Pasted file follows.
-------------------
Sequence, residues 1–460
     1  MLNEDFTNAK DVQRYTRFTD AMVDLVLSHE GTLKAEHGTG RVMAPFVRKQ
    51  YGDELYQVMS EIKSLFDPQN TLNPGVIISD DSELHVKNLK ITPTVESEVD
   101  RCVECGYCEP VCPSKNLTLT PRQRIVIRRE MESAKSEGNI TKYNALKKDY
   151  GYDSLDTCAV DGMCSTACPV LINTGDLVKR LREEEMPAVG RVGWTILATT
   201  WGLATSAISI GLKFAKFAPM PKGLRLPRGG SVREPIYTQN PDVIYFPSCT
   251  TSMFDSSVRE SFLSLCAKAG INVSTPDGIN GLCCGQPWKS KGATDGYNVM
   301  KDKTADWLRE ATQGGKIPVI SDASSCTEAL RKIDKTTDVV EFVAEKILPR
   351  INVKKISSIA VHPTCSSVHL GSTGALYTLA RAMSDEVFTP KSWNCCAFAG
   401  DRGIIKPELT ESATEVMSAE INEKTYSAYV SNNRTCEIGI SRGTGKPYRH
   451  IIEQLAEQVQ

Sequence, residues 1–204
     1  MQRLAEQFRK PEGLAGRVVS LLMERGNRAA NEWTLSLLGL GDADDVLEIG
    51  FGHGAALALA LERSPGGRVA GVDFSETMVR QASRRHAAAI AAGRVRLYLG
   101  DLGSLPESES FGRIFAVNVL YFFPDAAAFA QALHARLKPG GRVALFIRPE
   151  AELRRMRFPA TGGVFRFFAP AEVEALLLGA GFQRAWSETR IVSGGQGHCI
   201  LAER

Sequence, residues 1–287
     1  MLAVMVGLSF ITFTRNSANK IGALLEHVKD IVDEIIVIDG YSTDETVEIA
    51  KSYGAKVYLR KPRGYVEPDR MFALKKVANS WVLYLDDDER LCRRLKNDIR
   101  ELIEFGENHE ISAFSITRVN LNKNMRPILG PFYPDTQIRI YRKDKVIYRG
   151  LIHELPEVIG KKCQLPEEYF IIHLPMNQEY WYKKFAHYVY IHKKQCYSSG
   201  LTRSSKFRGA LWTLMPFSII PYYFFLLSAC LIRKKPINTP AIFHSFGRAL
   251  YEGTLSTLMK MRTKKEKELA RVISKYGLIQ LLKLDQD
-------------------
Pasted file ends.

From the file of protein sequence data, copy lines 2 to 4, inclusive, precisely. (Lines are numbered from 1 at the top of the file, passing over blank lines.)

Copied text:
     1  MLNEDFTNAK DVQRYTRFTD AMVDLVLSHE GTLKAEHGTG RVMAPFVRKQ
    51  YGDELYQVMS EIKSLFDPQN TLNPGVIISD DSELHVKNLK ITPTVESEVD
   101  RCVECGYCEP VCPSKNLTLT PRQRIVIRRE MESAKSEGNI TKYNALKKDY